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While President Donald Trump was quick to dismiss calls for gun control after the church shooting massacre in Texas over the weekend, his nominee for assistant secretary of defense for health affairs took a different approach.

During Dr. Dean Winslow’s confirmation hearing with the Senate Armed Services Committee Tuesday, Winslow was asked about the need for a policy change surrounding the reporting of military criminal history and offered that it’s “insane” that the average American could purchase a semi-automatic weapon like the one Devin Kelley allegedly used in the church attack that left 26 dead on Sunday.

Sen. Jeanne Shaheen (D-NH) asked Winslow if domestic violence — the crime Kelley served a year in military confinement for — should have a zero tolerance police within the military, synonymous with the punishment for sexual assault. Winslow said it was a system failure that allowed Kelley’s crimes to go unreported to the FBI.

“When you’re designing weapons systems and things, the last thing you want is to engineer it in a way that a single point of failure results in such a tragic outcome,” he said, before making the comments he acknowledged he “may get in trouble” for.

But I’d also like to, I may get in trouble with other members of the committee, just say how insane it is that in the United States of America a civilian can go out and buy a semi-automatic assault rifle like an AR-15, which is apparently the weapon that was used, that’s an issue not as much for this committee, but elsewhere, so again obviously domestic violence is a serious problem,” he said.

He was then cut off by an unidentified senator who said Winslow’s comments were not “in your area of responsibility or expertise.”

Authorities say Kelley used a variant of a semi-automatic riffle to conduct the attack, similar to weapons used by the gunmen in gun massacres in Las Vegas last month, an Orlando night club last year and the Sandy Hook Elementary School shooting in 2012.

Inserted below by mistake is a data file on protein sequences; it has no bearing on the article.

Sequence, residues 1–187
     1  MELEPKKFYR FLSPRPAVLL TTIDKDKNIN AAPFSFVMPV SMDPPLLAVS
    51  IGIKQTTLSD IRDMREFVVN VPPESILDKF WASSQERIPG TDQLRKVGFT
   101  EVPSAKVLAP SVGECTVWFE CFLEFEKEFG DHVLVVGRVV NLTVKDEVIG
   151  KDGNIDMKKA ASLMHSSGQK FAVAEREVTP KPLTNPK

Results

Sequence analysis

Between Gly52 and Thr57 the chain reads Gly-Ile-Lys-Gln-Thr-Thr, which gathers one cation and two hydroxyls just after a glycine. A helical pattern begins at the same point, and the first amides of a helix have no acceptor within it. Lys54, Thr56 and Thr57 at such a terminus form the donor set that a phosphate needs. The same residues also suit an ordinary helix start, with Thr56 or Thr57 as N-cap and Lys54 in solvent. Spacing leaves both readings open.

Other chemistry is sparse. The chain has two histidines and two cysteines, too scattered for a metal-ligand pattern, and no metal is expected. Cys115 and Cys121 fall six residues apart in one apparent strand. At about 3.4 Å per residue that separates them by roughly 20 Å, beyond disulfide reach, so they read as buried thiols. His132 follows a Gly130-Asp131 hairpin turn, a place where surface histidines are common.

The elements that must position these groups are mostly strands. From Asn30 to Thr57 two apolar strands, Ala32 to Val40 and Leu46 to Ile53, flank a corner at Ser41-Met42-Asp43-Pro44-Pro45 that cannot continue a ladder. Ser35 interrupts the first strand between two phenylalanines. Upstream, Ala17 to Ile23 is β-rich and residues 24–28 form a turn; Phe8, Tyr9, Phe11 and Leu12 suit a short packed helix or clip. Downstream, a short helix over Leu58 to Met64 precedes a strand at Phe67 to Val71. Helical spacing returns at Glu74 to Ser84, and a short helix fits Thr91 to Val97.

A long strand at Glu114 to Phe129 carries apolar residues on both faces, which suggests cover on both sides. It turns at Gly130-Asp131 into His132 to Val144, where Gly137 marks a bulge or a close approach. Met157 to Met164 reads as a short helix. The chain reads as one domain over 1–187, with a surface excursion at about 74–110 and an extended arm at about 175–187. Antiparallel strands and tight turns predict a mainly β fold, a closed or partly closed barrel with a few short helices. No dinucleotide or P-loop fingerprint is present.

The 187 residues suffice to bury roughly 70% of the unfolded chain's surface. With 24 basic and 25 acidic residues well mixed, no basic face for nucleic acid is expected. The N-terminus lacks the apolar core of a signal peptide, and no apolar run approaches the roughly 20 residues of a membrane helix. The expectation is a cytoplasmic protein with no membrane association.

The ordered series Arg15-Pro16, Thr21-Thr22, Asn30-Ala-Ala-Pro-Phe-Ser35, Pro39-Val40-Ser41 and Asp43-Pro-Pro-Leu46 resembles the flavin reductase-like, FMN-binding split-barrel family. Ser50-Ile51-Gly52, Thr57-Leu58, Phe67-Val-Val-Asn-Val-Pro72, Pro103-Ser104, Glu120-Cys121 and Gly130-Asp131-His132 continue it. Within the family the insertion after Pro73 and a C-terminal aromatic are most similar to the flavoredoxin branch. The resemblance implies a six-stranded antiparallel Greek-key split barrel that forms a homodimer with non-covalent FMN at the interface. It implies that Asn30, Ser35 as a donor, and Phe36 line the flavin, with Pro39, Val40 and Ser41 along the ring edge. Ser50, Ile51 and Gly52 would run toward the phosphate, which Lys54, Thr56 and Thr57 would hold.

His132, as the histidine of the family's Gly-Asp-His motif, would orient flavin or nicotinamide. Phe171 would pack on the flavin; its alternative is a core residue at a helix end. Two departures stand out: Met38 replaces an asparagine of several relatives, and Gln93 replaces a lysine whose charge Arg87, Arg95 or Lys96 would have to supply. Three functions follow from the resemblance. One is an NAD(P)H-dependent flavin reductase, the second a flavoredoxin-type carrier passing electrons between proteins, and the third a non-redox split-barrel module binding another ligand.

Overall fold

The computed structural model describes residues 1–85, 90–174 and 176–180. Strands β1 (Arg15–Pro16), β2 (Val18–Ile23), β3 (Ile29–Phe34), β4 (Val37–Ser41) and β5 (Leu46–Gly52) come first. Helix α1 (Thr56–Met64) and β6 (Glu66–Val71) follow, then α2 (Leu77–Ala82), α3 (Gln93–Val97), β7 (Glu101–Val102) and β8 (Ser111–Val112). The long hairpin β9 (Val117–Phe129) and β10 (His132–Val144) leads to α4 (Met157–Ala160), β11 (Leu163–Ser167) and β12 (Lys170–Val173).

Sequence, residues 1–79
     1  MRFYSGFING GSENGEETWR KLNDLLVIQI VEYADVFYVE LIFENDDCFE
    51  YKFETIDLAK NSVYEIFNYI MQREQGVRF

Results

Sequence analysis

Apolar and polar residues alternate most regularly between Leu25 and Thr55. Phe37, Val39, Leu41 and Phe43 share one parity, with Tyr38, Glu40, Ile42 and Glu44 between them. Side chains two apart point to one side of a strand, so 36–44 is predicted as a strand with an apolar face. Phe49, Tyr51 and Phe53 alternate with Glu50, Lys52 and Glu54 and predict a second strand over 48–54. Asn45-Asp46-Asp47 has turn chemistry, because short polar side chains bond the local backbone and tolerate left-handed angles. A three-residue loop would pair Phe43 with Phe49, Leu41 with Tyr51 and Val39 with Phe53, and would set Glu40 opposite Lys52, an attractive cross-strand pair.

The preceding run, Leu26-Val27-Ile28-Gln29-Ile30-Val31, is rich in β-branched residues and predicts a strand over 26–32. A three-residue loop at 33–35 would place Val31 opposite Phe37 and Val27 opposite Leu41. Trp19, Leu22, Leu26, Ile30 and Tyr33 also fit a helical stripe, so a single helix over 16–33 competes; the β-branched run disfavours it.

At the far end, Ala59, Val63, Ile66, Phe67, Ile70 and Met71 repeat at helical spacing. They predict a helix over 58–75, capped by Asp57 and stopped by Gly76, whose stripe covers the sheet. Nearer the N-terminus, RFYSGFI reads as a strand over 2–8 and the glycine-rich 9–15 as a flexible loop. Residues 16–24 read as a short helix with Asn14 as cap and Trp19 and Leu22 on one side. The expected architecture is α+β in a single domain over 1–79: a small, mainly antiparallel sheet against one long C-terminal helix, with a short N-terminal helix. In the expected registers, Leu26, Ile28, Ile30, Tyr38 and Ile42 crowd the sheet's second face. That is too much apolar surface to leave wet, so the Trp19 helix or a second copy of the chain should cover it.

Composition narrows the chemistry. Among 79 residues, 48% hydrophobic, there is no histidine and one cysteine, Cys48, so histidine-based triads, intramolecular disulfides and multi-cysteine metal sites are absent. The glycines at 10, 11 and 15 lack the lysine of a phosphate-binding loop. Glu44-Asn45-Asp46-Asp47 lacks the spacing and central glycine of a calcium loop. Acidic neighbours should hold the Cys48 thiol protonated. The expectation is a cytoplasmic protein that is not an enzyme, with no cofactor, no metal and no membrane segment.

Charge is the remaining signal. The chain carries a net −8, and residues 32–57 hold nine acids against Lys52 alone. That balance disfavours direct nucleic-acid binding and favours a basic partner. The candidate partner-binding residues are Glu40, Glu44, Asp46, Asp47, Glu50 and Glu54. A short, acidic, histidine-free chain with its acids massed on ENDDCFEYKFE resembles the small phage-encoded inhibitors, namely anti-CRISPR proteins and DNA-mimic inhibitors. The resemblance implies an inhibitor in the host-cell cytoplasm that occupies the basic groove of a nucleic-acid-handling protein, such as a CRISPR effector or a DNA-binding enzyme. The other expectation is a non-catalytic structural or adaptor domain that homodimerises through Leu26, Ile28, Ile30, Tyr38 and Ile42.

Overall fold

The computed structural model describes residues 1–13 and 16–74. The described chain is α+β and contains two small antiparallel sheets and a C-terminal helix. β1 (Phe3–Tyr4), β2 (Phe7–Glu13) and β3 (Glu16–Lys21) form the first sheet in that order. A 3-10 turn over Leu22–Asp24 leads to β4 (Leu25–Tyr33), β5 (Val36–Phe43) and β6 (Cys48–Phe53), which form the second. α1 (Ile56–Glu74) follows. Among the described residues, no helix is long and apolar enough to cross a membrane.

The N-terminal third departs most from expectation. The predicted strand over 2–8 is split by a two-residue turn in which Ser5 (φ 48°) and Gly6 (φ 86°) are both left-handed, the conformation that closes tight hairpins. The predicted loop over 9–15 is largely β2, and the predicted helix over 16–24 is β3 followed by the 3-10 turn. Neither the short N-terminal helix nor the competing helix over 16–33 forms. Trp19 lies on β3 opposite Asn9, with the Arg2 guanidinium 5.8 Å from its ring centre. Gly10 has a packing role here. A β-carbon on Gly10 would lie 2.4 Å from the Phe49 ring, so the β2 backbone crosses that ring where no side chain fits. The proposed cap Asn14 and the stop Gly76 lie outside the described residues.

Winslow is a former U.S. Air Force colonel who also serves as the vice chair of medicine at Stanford University. The Air Force has admitted fault for failing to report Kelley’s past military criminal convictions to the FBI, which would have blocked Kelley from purchasing a firearm.

Watch the hearing here. Winslow’s comments come at around 1:20:00

H/t: Huffington Post

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Another Texas Republican announced his retirement on Tuesday evening.

Rep. Ted Poe (R-TX) won’t seek reelection in 2018, stating simply it’s “time for the next step.”

“I am looking forward to spending more time in Texas, especially with my 12 grandkids who have all been born since I was first elected to Congress,” he said in an announcement on Twitter. “I am proud of the work that my office has accomplished: giving crime victims a voice, helping to combat human trafficking and fighting for constitutional rights and individual liberty.”

Poe, who was diagnosed with leukemia last year, said health was not a factor in his retirement.

The former judge was elected to Congress in 2005 and has been an advocate for religious freedom and victims of domestic violence, rape and other violent crimes ever since. He served on the House Freedom Caucus throughout his time in Washington, but stepped down in March because he felt the caucus was no longer constructive since Republicans took control of Congress.

Poe is just the latest Republican — and the second from the state of Texas — to announce their retirement in recent weeks, clearing the way for new candidates in the 2018 midterms. Rep. Jeb Hensarling (R-TX) announced his decision to leave last week, saying he “never intended to make it a lifetime commitment.”